"The Future is Asian" by Parag Khanna is one of the books that I read during the lockdown. Written before the onset of COVID-19, Khanna explains in the book why this century belongs to Asia compared to the last century that belonged to America and the one before that belonged to Europe. The book is worth reading for a holistic journey of Asia's history and how global affairs have been trending and shaping the world towards an "Asian future". I believe that the future in front of us in Asia in the post-pandemic world presents both bright opportunities and considerable challenges. I will discuss some of these in this article.
It is interesting to see how countries across the world are faring in the fight against COVID-19 and how leaders in various countries are stewarding their respective countries through this crisis. Great leaders from Winston Churchill to Franklin D Roosevelt rose to the occasions when history presented them with great challenges. We do not see any such global leadership today rising to lead the world out of this pandemic. Every country is fighting the disease in its own way without any global consistent standards for alert levels or roadmap for reopening of the countries, economies and the borders. In the age of unilateralism and ultra-nationalism, multilateralism and global cooperation have taken a backseat. In Asia, South Korea, Taiwan, New Zealand and some others did well to contain the virus. India benefited from the strong leadership of Narendra Modi who made the bold decision to shut down a large country with over 1 billion people and millions of migrant workers who work in large metros to earn a humble living. Some blame him for his authoritarian presidential type of leadership but to his credit he consulted with the chief ministers of various states through video consultations and brought consensus in a widely divergent country on the need of the continuation of the lockdown despite great economic loss and hardship for the poor people. His popularity has increased to near 80 percent putting economic stagnation, unemployment and controversy over the citizenship act behind. Most countries in Asia are led by older leaders who do not have designated successors. Who will succeed Modi or Xi Jinping of China when they move on? No one knows. The future leadership of the large countries in Asia and who will lead them could potentially decide how the next decades will turn out for Asia. Jacinda Ardern is a breath of fresh air but she runs a relatively smaller country, she is popular globally for her handling of the Christchurch massacre and now handling of the COVID-19 situation but she cannot be the driver of change in Asia from one corner of the continent. The next generation of leaders in India, China, Japan and South Korea will shape the coming decades for us. This may be an opportunity for a new pragmatic generation of leaders to emerge in Asia or there could be leaders who are more inward looking and far more nationalistic. Sometimes leaders are shaped by history, once again, the question is – can the next generation of political leadership rise to these occasions to shape the opportunities and face the challenges to come in Asia?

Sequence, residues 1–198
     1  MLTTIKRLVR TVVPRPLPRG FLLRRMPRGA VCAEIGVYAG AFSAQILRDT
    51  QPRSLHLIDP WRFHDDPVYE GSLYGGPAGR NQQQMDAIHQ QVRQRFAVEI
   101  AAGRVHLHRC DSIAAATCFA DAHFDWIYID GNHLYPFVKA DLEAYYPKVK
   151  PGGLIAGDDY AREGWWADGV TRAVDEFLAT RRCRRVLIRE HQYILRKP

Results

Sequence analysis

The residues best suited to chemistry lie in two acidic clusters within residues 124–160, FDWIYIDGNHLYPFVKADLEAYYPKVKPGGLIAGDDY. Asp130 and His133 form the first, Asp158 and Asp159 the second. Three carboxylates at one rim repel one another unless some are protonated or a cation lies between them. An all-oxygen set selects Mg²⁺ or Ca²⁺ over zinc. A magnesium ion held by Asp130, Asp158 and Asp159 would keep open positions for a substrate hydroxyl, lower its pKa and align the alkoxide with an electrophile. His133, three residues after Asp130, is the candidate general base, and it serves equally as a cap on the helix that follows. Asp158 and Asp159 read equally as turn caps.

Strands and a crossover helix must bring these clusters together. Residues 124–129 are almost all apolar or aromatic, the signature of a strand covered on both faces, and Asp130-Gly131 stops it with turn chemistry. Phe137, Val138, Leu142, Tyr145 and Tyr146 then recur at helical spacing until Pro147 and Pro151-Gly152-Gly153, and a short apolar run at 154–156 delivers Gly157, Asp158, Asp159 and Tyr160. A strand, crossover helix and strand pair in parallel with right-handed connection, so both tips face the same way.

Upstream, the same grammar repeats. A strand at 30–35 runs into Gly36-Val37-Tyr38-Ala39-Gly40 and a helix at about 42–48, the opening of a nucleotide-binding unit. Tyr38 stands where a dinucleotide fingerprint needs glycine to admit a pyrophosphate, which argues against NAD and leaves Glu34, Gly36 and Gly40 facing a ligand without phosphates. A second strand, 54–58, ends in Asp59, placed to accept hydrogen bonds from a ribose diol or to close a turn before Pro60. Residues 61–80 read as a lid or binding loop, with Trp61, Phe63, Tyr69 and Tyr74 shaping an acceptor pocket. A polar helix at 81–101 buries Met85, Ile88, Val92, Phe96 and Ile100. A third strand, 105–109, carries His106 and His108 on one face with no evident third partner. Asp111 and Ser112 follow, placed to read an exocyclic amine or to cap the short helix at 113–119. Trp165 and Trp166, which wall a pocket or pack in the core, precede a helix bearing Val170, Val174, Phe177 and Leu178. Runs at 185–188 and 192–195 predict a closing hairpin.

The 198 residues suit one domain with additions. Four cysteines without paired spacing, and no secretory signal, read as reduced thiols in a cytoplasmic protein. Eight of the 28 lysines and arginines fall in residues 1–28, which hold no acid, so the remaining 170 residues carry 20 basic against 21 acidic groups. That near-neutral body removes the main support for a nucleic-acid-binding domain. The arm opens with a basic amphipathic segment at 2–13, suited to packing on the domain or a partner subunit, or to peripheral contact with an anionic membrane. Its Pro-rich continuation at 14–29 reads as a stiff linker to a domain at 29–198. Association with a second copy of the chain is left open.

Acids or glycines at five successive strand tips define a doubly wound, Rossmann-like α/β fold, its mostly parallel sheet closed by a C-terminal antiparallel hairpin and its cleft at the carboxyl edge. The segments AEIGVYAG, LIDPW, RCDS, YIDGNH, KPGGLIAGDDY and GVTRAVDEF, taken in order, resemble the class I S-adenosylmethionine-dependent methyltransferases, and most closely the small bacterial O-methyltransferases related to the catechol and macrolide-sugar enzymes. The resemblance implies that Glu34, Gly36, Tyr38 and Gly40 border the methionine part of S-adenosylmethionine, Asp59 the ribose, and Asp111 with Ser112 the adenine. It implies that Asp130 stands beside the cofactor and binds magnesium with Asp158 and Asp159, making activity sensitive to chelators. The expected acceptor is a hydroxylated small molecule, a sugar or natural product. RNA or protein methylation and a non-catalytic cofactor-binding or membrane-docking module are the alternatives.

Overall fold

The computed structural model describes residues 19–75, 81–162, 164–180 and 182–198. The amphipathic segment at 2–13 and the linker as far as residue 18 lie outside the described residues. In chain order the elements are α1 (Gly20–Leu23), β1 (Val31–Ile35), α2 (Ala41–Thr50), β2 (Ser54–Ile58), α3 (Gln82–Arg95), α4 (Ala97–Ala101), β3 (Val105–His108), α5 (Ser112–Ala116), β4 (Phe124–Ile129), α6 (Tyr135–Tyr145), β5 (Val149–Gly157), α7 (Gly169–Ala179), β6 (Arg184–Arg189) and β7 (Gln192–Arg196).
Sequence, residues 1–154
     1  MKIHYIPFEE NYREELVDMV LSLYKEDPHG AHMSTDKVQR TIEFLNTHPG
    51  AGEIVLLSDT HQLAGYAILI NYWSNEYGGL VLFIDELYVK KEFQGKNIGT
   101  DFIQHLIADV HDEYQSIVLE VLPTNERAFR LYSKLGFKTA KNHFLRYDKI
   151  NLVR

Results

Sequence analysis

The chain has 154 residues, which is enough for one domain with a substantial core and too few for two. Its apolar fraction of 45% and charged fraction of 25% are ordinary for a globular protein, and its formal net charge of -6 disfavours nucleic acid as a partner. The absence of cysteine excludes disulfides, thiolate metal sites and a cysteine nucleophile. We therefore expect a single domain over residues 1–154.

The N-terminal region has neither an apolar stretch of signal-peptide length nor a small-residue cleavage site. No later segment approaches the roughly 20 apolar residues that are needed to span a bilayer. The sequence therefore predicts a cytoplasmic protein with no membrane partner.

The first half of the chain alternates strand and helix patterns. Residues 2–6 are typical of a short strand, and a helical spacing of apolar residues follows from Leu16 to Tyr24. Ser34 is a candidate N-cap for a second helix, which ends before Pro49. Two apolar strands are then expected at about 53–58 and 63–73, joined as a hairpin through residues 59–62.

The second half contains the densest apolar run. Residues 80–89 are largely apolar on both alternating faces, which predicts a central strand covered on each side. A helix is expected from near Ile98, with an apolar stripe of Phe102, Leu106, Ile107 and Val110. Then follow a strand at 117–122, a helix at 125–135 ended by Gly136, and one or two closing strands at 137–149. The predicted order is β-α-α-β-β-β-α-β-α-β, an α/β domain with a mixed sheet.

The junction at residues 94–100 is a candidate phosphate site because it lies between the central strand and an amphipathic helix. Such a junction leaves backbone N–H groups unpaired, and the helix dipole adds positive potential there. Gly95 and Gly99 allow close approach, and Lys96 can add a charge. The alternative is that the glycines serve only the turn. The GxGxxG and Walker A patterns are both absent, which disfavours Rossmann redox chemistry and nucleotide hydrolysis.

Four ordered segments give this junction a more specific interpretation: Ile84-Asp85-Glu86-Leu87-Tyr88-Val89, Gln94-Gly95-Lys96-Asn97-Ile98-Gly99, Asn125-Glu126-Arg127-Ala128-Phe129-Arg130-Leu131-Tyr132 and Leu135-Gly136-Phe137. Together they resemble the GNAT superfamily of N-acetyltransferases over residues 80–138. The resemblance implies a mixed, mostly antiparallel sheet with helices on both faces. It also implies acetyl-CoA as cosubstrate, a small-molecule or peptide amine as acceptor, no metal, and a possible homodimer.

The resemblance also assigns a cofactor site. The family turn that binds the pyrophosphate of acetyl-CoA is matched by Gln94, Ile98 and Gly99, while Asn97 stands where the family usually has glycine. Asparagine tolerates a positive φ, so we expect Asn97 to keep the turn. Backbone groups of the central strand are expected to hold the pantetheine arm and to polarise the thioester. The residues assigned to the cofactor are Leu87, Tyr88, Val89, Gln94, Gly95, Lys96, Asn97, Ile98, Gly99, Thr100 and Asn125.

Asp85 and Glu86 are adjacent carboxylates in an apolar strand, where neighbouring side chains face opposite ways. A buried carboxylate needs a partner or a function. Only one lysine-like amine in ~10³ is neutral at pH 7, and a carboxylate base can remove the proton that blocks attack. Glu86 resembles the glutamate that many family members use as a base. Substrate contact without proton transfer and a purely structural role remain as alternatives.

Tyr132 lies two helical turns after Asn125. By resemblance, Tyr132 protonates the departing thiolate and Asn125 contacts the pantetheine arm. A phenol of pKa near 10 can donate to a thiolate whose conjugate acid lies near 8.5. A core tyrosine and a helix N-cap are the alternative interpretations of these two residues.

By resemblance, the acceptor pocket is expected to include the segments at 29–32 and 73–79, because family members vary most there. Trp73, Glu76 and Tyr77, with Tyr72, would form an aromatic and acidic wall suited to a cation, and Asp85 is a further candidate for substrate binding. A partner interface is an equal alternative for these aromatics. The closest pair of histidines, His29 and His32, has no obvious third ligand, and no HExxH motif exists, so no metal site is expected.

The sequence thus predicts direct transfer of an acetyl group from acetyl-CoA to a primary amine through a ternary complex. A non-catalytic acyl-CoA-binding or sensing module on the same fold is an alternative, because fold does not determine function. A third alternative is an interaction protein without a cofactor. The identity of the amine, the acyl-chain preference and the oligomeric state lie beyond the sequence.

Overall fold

We have been blessed with relative peace in the Asia Pacific region for the last few decades. Asia has some of the flashpoints that can not only start regional conflicts but could even turn into global and nuclear wars. The Korean peninsula, Taiwan, Hong Kong, India-Pakistan, India-China border conflicts could start a serious global conflict any time. There is a school of thought that economic prosperity will drive the path to progress and wars are a thing of the past. Just like 9/11 and the current pandemic, the "black swan" event could happen and these are the most likely sources of origin for the next global conflict. The US-China tensions are likely to subside post November presidential elections. Whether there is a Trump 2.0 or a Biden presidency, both sides will have to move on from the rhetoric and come back to the table as they both need each other.
Supply chains disruptions
In a simplistic view, Asia is the factory to the world while Europe and the US consume what Asia produces. The intricate global supply chain is poised for some major disruptions. According to Kearney's US Reshoring Index report, the shift in sourcing from China has been going on for the past six years and even before the start of the US-China trade tensions. Supply chains are shifting from China to Vietnam, Mexico, and Europe and to other Low Cost Countries in Asia. The report states, "From 2018 to 2019, US manufacturing imports from China declined by 17 percent, a total drop of roughly $90 billion. However, US manufacturing imports from other Asian LCC countries increased by $31 billion in 2019. Similarly, manufacturing imports from Mexico rose $13 billion."
Supply Chains are not easy to shift and it is a gradual process. While some manufacturing will shift to these countries, critical supply chains will see more near-shoring and re-shoring. This will impact Asia as countries like Vietnam, India, Singapore, Indonesia and Bangladesh will benefit from some of these shifts. We will also see more intra-regional Asia to Asia flows including transhipments while the US will also shift more production back home and will take advantage of the America-Mexico-Canada (USMCA) agreement replacing NAFTA that will shift some productions to Mexico and Canada from Asia.
A country requires massive investments in infrastructure, friendly investment and labour laws, abundant supply of low cost labour and political stability to become an ideal source of manufacturing. One factor we often overlook is the culture of the country. Watch the Oscar winning documentary, "American Factory" on Netflix to understand what I mean. You cannot overnight transform a country into a manufacturing hub. China has done this over the last few decades to become "the factory of the world". If it was so easy, some of the Low Cost Countries in other continents would have become economic powerhouse by now but this has not happened. Vietnam is certainly emerging as a potential candidate to be that "one" country in a "China plus one" manufacturing hub in Asia.